Anyway, this is supposed to be a column about Cal Ripken, not about steroids. Cal, as everyone in the State of Maryland calls him, was the son of a lifelong baseball man whom Dr. Will once described thus: “Cal Ripken, Sr., smokes Lucky Strikes and drinks Schlitz beer. The Luckies are not filtered and the Schlitz is not light. He is a former minor league catcher who looks like something whittled from an old fungo bat…” The Luckies finally killed him, a few years ago; but long before, Cal Ripken, Sr., had given both of his baseball-playing sons something even greater than instruction and support: a respect for the game. It’s the same respect the brothers Ripken now try to teach youngsters at their baseball academy in Aberdeen, Maryland, a respect built on hard work, sound fundamentals, and the slow development of that sixth sense called “baseball smarts.”

A lot of which is, alas, in short supply in today’s pastime. The corruptions of baseball in 2007 are not just (or perhaps even primarily) chemical. How many times have you seen a bunt properly laid down in recent years? Or a hit-and-run smoothly executed? How often have you watched a multi-million-dollar-per-year player forget how many outs there were in the inning? Or fail to run out a ground ball? Money — lots of it, showered on people too young to know how to handle it — has something to do with this. But so does a decline in respect for what Will called, aptly, the “craft of baseball.”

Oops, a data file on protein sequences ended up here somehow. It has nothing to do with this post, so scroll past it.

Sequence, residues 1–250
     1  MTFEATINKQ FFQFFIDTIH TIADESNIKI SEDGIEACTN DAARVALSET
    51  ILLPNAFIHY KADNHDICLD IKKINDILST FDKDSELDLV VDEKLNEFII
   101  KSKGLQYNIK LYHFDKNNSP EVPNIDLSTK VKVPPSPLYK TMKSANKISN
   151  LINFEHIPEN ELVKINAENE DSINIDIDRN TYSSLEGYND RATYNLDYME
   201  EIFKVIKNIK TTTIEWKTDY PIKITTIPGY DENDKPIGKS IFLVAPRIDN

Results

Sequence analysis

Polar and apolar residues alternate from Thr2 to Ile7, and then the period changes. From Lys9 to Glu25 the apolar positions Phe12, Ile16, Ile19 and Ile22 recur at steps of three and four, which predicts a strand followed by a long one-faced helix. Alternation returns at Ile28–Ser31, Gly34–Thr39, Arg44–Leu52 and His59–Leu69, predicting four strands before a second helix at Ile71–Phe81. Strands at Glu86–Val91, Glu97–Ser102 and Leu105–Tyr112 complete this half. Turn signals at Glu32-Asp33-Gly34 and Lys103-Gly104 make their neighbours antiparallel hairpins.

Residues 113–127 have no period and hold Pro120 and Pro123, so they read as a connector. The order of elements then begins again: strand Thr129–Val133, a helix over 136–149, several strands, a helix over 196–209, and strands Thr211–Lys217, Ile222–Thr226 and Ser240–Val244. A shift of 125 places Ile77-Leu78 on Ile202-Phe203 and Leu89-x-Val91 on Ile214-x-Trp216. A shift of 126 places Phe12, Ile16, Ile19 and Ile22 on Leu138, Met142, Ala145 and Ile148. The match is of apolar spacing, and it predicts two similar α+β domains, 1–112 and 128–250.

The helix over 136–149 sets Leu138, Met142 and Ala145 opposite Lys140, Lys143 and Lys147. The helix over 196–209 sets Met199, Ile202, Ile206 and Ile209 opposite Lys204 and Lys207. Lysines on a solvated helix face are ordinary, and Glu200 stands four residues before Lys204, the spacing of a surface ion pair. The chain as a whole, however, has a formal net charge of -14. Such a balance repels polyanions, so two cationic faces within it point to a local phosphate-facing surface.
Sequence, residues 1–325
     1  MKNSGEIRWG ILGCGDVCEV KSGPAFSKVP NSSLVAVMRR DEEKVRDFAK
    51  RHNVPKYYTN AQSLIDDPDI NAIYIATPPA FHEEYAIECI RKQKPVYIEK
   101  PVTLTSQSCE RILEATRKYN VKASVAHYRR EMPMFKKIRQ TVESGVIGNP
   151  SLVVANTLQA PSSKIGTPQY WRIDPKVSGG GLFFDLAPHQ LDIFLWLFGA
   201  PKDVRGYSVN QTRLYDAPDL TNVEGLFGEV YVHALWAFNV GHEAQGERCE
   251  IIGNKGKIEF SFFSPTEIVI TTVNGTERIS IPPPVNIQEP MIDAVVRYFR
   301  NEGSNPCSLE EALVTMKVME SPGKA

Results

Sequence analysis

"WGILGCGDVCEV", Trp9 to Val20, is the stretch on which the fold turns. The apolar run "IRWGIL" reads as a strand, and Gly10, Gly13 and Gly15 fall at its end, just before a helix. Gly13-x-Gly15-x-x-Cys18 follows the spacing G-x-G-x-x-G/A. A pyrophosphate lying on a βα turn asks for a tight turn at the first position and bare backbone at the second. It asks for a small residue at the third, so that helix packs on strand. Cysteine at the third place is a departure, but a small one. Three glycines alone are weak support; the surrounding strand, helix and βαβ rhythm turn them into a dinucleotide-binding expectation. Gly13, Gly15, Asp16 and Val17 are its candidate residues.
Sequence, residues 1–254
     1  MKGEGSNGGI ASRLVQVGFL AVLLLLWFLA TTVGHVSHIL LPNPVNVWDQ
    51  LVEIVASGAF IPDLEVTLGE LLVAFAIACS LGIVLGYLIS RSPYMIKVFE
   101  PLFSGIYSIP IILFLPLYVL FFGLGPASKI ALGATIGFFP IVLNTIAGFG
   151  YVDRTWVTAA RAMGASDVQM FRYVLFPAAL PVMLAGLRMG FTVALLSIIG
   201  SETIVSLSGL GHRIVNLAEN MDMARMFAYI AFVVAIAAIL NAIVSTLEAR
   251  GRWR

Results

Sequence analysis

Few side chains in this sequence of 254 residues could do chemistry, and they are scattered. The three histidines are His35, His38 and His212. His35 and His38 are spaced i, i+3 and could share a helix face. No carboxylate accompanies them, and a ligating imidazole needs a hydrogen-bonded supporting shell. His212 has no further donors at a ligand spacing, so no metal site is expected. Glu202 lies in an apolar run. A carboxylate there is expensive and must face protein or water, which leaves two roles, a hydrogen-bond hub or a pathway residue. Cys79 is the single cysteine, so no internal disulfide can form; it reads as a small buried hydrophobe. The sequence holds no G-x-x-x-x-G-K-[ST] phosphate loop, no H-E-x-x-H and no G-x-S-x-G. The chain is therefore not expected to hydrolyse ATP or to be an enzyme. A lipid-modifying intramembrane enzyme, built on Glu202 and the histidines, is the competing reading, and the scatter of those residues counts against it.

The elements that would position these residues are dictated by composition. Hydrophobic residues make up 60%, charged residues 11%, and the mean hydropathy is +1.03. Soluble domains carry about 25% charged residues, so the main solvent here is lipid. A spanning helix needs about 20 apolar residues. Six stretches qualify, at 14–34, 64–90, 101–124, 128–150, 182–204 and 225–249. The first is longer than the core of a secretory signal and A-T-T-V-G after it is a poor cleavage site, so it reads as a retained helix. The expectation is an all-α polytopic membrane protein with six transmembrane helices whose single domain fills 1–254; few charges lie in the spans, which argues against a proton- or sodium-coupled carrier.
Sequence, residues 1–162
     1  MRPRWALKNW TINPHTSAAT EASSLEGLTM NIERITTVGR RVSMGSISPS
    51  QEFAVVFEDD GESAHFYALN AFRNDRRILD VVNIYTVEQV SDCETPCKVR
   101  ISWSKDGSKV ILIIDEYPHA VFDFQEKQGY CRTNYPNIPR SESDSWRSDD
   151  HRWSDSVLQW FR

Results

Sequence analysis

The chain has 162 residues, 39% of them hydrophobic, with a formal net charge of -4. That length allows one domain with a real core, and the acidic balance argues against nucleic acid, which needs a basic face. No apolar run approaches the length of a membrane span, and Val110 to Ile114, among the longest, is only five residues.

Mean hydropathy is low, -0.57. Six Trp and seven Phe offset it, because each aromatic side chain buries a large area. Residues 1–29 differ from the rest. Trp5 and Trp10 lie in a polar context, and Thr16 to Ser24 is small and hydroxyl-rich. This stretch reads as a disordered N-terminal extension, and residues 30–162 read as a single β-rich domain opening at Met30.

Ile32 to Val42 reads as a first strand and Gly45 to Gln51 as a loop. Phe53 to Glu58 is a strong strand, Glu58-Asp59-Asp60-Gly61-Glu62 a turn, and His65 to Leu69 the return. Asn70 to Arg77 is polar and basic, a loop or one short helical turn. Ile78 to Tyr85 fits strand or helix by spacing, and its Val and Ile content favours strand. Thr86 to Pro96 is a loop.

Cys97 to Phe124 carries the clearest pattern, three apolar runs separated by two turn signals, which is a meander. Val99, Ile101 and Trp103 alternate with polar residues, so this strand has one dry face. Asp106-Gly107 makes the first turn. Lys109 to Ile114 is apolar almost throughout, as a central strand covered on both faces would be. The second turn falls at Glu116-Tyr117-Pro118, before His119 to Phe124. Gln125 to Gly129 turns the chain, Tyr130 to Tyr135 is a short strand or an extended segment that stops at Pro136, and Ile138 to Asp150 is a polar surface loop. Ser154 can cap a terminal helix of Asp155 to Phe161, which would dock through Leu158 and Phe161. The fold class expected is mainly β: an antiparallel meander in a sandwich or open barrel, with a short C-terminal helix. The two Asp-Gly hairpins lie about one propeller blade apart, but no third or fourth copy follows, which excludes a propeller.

Cal Ripken, Jr., could be mulishly stubborn: had he listened to batting coaches, his lifetime average might have been twenty points higher. But no matter how mired in a sometimes-self-perpetuated slump he was, you always sensed his respect for the game, his determination to live the work ethic his father had taught him, and the intensity of his competitive spirit. A power-hitting fielder of genius, he redefined the position of shortstop; but he was essentially a throwback who exemplified the cardinal virtue of fortitude.